Part 2: For Art Handlers in Miami, the endgame is de-installation

Contributed by Max Liebermann* / The art handler’s endgame is de-installation, and getting there is something of a slog and rather far, in karmic terms, from the glamour often associated with Art Basel. Even some blue-chip galleries pay only $350 a day for set-up and $200 a day for take-down. The day rate may appear to be a good deal for the handlers, but most report working at least twelve hours a day for the first four days of the fair, and at those rates at least one set-up day is needed just to pay for the plane ticket; then there is the hotel, also to be covered by the handler out of his day pay. There are pay disparities – premiums and discounts – but they don’t seem to follow a rational pattern. Some art handlers make $13 an hour and some make $30 an hour; no clear certification process or credentialing standard exists to explain the difference. Experience usually counts but sometimes it does not. Full-time jobs in art handling often pay less per hour and come with more responsibility than freelancing. Go figure.

There is quite a bit of apparent down-time for art handlers, which may explain why some galleries think working Art Basel is tantamount to a paid vacation for the installers. After the initial installations have been completed and the fair starts, installation work is permitted only before the fair opens and after it closes. Since most fairs open around noon, this means workers are often up early, packing work that has been sold, cleaning, or installing new work. During the last days of installing and the first days of the fair, some art handlers, having finished their work, just hang around at the convention center, playing chess, reading, or talking. But despite having some free time during the center-cut of the fairs, numerous handlers do not find Miami to be a desirable vacation destination, or at least one that they have the energy to exploit. Many are too exhausted from the opening surge of activity to venture far beyond the convention center or their hotels while awaiting de-installation.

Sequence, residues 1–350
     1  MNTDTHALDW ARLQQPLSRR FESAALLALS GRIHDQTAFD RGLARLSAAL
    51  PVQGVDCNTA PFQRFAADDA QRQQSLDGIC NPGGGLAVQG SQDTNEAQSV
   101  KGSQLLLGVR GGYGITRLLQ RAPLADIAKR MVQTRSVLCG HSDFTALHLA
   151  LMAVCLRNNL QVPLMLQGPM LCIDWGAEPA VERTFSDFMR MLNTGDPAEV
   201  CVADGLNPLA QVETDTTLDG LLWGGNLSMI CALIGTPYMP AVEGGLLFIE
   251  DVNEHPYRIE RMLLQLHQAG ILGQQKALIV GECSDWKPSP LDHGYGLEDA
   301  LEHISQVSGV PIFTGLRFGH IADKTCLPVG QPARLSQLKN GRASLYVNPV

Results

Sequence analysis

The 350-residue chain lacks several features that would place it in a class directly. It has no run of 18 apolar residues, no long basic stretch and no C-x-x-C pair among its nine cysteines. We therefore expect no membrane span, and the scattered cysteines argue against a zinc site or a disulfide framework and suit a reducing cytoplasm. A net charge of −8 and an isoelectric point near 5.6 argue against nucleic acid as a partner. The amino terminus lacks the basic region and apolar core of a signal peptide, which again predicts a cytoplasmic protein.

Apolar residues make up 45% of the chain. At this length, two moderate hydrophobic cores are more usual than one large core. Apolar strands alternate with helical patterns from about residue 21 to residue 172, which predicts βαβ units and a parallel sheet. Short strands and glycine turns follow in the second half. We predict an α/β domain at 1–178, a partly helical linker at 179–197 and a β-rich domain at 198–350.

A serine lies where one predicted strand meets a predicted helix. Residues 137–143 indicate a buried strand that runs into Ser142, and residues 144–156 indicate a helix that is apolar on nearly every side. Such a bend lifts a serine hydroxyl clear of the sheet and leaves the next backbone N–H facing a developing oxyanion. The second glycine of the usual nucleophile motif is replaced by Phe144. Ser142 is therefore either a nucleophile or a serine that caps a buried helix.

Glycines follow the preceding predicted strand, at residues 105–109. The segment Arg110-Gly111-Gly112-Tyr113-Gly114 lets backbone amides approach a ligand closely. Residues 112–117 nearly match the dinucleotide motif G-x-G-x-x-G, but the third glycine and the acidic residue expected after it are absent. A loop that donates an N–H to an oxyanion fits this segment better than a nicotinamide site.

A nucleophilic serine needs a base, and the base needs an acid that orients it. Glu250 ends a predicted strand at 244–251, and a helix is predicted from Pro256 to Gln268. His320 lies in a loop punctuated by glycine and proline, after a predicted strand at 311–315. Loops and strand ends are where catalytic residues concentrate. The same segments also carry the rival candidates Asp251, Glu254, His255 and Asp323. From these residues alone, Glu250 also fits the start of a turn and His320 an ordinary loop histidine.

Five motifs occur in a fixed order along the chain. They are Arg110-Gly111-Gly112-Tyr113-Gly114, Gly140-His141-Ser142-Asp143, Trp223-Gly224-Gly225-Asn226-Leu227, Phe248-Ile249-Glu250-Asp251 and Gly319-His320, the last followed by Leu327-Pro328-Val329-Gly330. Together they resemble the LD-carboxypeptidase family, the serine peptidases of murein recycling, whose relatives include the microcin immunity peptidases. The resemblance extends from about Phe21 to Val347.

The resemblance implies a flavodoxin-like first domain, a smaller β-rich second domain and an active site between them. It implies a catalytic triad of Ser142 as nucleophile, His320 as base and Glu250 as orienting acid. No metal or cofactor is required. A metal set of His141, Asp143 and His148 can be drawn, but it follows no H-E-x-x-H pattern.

Taking down a booth at an art fair begins the minute the fair closes on the last day. At Art Miami, which closed at 6:00 PM, fair rules stipulated that all work had to be off the walls and packed by midnight. Making the deadline was not easy, as some booths housed fifty works or more. To make matters especially unpleasant, the abundant recent construction activity in downtown Miami had spewed massive amounts of dust into the air, and the HVAC system had pumped the stuff into the tent. As a result, the concrete floors were filthy, rendering it very difficult to keep plastic and bubble wrap clean for packing. Sculptures and paintings had to be wiped down so they didn’t get scratched in transit. Even artwork that was unlikely to sell had been unwrapped early in the fair in case the dealer needed some extra inventory to show a client, and required repacking. Most of the handlers’ employers were anxious to leave, hoarse from talking and enervated from cutting deals (or trying to) all week, which only increased the pressure on the handlers to complete their mission quickly. In the immediate aftermath of the fair, snoozing fitfully in a sciatica-wrenching row chair next to a jetway or slumping over an airport bar, some art handlers might rue their seduction by that tantalizing offer to spend a week in Miami in December. Once bitten, twice shy.

* Not the reporter’s real name.

Related posts:
Part 1: An art handler’s experience in Miami

Part 1: Sharon Louden finds color and abstraction at Pulse and Art Basel Miami(2015)
Part 2:  “Untitled — the best fair in Miami Beach” (2015)
Part 3: A selection from NO MAN’S LAND, Untitled, and ABMB (2015)
Part 4: Artist-run @ Satellite in Miami (2015)

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Two Coats of Paint is licensed under a Creative Commons Attribution – Noncommercial-No Derivative Works 3.0 United States License. To use content beyond the scope of this license, permission is required.

Two Coats of Paint is licensed under a Creative Commons Attribution – Noncommercial-No Derivative Works 3.0 United States License. To use content beyond the scope of this license, permission is required.

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